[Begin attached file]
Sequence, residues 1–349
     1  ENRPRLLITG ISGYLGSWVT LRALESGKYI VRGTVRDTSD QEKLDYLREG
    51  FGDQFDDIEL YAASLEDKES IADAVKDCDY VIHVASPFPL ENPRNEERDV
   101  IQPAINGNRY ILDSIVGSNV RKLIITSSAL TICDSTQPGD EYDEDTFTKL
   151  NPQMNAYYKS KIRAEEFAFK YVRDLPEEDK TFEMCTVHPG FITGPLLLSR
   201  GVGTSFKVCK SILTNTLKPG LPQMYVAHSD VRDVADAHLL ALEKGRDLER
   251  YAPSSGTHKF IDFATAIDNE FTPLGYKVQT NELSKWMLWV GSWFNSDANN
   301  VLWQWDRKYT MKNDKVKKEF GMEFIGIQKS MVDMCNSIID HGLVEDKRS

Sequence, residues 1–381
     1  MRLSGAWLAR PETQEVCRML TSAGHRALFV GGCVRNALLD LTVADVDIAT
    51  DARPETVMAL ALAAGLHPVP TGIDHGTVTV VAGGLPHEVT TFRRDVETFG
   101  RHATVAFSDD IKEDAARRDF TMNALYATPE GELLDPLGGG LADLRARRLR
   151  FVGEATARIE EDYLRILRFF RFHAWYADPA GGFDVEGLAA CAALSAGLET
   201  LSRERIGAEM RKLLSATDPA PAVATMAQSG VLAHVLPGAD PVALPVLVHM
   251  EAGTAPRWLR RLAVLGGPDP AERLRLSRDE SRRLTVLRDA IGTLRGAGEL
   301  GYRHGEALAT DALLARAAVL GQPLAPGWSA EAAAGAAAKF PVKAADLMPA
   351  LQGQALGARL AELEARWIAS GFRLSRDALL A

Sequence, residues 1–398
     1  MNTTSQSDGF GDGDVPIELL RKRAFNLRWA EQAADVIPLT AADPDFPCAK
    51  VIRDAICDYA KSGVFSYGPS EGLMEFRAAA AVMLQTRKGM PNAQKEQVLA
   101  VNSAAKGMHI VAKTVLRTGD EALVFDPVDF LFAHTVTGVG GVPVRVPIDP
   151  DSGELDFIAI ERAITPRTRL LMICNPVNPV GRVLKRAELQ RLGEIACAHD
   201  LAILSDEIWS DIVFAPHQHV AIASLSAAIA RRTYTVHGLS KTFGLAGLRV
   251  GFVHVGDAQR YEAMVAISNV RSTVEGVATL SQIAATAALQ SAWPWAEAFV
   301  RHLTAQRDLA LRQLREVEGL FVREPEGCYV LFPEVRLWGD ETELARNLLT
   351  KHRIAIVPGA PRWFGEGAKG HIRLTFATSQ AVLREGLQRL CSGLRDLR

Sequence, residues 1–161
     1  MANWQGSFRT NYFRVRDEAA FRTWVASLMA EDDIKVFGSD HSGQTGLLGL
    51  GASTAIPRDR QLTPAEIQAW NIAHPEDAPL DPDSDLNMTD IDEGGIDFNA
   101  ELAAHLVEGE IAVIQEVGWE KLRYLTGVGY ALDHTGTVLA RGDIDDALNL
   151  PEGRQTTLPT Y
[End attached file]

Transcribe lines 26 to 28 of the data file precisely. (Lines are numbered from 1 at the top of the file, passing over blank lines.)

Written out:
   351  KHRIAIVPGA PRWFGEGAKG HIRLTFATSQ AVLREGLQRL CSGLRDLR

Sequence, residues 1–161
     1  MANWQGSFRT NYFRVRDEAA FRTWVASLMA EDDIKVFGSD HSGQTGLLGL